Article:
SACRAMENTO — The Senate overcame the stiff opposition of northern members and voted narrow approval Monday for a major water development bill that would pave the way for the export of more surplus water to San Joaquin Valley farmers and populous Southern California.
The measure's author, Sen. Ruben Ayala (D-Chino), while successfully staving off all but one amendment in a barrage of proposed changes by northerners, served notice that his legislation is far from final, however, and will be subject to compromise in the Assembly.
A 21-15 vote, almost exactly along north-south lines and precisely the majority required, sent the controversial proposal to the Assembly.
The only Southern Californians to vote no were Sens. Herschel Rosenthal (D-Los Angeles) and Gary K. Hart (D-Santa Barbara), both widely regarded as environmentalists and allies of those who want to protect the ecology of the Sacramento-San Joaquin Delta and San Francisco Bay.
Although the floor fight lasted almost two hours, it lacked the passion of previous legislative water fights. In advance, northerners conceded that they lacked the numbers to block the bill and expressed hope that the Assembly would rewrite it.
Gov. George Deukmejian, in an interview with a small group of reporters, reasserted Monday that he is neutral on Ayala's bill but indicated he is sympathetic to environmental protection interests.
"Before there is any major transfer of water" from north to south, he said, "the legitimate concerns" of environmentalists and San Francisco Bay Area communities "will need to be satisfactorily addressed."
Ayala's bill, basically, would require the Deukmejian Administration to determine facilities to transfer water out of the delta by July 1, 1988, and to take steps to build and operate those facilities by July, 1989.
Current law empowers the executive branch of government to undertake such a development, but no recent administration has done so because the issue is politically explosive.
A transfer facility in the delta, the collection point of northern water for shipment to the south and for flushing the San Francisco Bay, is not specified in the bill. In previous legislation, the means of transfer was designated as the Peripheral Canal, which was proposed to take Sacramento River water around the estuary and pour it into pumps that would send it south. A Peripheral Canal plan was rejected by Northern California voters in 1982.
Northerners have long expressed fear that siphoning away additional supplies of surplus water to the south would deal irreparable damage to the delta and the bay. At the same time, southern water interests have demanded more water.
Ayala's bill also would call for construction of two storage reservoirs in Contra Costa County, building of a mid-valley canal to connect with the federal Central Valley Project and require construction by Jan. 1, 1990, of the proposed Los Banos Grandes Reservoir in Merced County.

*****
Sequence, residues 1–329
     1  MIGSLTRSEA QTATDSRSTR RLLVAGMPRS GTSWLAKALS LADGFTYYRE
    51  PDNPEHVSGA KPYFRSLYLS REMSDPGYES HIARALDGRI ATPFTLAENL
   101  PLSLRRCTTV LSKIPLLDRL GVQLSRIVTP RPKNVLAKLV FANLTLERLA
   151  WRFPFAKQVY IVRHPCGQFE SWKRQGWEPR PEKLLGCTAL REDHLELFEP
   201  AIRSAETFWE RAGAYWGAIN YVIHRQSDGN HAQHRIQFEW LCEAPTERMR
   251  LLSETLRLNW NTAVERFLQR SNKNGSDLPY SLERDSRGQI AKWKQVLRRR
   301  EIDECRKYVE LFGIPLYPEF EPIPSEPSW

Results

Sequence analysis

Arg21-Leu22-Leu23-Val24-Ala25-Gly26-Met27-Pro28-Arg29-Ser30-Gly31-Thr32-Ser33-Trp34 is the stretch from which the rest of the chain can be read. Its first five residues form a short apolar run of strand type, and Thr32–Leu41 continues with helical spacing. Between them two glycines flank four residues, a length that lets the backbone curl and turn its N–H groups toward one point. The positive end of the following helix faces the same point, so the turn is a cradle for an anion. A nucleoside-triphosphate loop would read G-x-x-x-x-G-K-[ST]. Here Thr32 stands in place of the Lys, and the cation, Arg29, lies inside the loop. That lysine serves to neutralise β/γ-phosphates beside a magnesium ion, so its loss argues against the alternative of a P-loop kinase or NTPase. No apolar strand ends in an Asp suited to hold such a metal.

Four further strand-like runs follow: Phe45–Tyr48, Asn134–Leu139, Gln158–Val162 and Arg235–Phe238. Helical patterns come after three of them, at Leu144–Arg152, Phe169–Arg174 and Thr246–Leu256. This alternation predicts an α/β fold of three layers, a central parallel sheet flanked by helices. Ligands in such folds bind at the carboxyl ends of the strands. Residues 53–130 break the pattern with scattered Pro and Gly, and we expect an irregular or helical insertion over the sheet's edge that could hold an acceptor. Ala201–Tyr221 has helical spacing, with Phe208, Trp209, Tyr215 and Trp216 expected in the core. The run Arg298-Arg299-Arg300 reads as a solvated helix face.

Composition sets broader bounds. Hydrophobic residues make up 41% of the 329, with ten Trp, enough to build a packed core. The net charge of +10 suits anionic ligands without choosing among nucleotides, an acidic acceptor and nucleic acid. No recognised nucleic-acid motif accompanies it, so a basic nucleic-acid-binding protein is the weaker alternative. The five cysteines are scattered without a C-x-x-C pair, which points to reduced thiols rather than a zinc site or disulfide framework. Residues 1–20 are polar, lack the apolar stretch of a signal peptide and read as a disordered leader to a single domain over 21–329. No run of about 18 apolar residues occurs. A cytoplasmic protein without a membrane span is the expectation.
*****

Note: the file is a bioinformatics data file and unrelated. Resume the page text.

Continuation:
The legislation also calls for protection of fish and wildlife, improvement of water quality in the delta and additional flood control.
Northerners submitted amendment after amendment that would seek what they saw as improved environmental protections for the delta and bay. All but one was turned aside, although in some cases a sprinkling of southern legislators voted for the northern proposals.
The amendment that won approval, by Sen. Nicholas Petris (D-Oakland), called for establishment of a plan that would conserve 1 million acre-feet of water a year starting in 2000. Petris said it would apply statewide, but Ayala argued that, as written, it would apply only to State Water Project users in the San Joaquin Valley and Southern California.
Ayala and Petris huddled and agreed to work out amendments later that would assure that the conservation program would apply without question to the entire state.
As one northern amendment after another met defeat, some northern senators complained that they had not been given even a scrap or crumb by Ayala. But Ayala indicated that tough negotiations lie ahead in the Assembly and said he is prepared to accept amendments there.
"If I give all I have to my friends here," he told the Senate, "I will have nothing to give my friends there (in the Assembly.)"
Sen. Art Torres (D-Los Angeles) argued that the estimated $1.2-billion to $2.2-billion bill would unfairly hit Southern California water ratepayers while they would receive a minuscule amount of additional water. Torres did not vote on the bill.
Citing a new report by the Senate Office of Research, Torres said that if 2000 is a year of average rainfall, Southern California ratepayers would pay 60% of the total cost and receive 0.2% of the water.
The report further said that if 2000 was a dry year, Southern Californians would pay 60% of the cost and receive 3% of the water.
"For those of us from Southern California, beware," Torres told the Senate. "We no longer can be the knee-jerkers for water projects."
Ayala deplored the report as being without credibility.